By Allan Ngari
Date of publication: October 2013
Kenya Policy Brief No 4: Reparative Justice in Kenya
Reparations are an integral part of the processes that assist society’s recovery from armed conflict, a repressive regime and/or a culture of human rights abuse; that ensure history will not repeat itself and that comprehensive programmes are established to achieve truth-telling, other forms of transitional justice, and an end to the culture of impunity. In order for reparations to have the maximum possible effect in the post-conflict reconstruction of a society, the perspectives of victims and their advocates must be incorporated into reparations’ design, implementation and monitoring.
This Policy Brief discusses the normative framework of reparations as the appropriate remedy available under international and Kenyan laws for victims of gross violations of human rights. Thereafter it turns its focus on the Reparations Framework proposed by the Truth, Justice and Reconciliation (TJRC) Report of May 2013. In that section, the brief analyses the framework and implementation recommendations in the light of the proposed reparations principles and guidelines. While the TJRC rightly notes that reparations that are tied to a legal process may be expensive to victim and State alike, this Policy Brief proposes that reparations in Kenya be tied to existing legal frameworks and provide access to justice for the victim in a complementary manner to administrative programmes and to other international processes.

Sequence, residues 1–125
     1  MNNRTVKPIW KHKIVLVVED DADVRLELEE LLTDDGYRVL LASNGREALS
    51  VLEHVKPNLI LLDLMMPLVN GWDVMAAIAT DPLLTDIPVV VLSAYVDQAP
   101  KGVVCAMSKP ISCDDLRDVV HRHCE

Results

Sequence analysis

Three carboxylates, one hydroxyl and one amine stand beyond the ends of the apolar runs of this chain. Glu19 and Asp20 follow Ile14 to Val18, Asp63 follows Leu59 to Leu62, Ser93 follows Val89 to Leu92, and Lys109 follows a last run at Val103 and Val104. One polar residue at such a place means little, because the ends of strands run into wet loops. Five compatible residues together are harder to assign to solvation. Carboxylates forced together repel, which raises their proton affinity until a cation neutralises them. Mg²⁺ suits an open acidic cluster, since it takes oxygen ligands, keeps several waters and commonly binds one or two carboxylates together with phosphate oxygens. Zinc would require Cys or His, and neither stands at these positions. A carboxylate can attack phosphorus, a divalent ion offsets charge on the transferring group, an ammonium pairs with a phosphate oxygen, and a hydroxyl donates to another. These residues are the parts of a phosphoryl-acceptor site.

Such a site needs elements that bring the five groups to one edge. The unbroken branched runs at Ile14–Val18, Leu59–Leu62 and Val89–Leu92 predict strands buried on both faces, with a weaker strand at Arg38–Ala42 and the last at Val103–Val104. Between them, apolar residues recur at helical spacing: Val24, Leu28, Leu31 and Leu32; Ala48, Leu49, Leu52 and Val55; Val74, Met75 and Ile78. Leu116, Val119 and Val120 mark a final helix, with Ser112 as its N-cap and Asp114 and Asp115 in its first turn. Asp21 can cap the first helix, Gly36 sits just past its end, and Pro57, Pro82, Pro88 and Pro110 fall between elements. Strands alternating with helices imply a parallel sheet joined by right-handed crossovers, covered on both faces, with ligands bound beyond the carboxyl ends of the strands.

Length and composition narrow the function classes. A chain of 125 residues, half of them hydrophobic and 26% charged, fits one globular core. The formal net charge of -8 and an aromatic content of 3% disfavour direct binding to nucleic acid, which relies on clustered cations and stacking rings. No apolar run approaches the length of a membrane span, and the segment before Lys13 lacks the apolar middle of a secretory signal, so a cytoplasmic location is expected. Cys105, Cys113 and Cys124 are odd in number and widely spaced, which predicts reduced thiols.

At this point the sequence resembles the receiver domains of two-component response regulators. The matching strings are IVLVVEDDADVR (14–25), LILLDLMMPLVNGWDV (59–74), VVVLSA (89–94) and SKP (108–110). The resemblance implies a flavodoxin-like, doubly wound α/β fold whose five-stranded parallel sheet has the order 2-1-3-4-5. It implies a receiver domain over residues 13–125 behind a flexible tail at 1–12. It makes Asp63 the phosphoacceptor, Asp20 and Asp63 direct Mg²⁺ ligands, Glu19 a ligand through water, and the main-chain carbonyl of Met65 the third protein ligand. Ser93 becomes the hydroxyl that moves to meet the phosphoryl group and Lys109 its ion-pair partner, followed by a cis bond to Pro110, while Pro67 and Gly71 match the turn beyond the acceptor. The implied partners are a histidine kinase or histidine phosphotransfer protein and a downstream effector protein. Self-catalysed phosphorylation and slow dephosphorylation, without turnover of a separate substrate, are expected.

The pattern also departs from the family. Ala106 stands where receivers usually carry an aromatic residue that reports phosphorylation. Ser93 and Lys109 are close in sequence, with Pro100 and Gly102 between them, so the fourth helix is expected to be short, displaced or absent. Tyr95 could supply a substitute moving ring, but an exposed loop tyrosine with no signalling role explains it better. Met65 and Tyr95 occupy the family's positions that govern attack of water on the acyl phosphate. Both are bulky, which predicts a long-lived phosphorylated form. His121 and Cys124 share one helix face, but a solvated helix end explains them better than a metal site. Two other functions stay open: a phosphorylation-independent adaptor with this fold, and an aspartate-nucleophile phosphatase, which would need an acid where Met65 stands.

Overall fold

The Policy Brief proposes sector- and actor-specific recommendations for policy formulation and actions.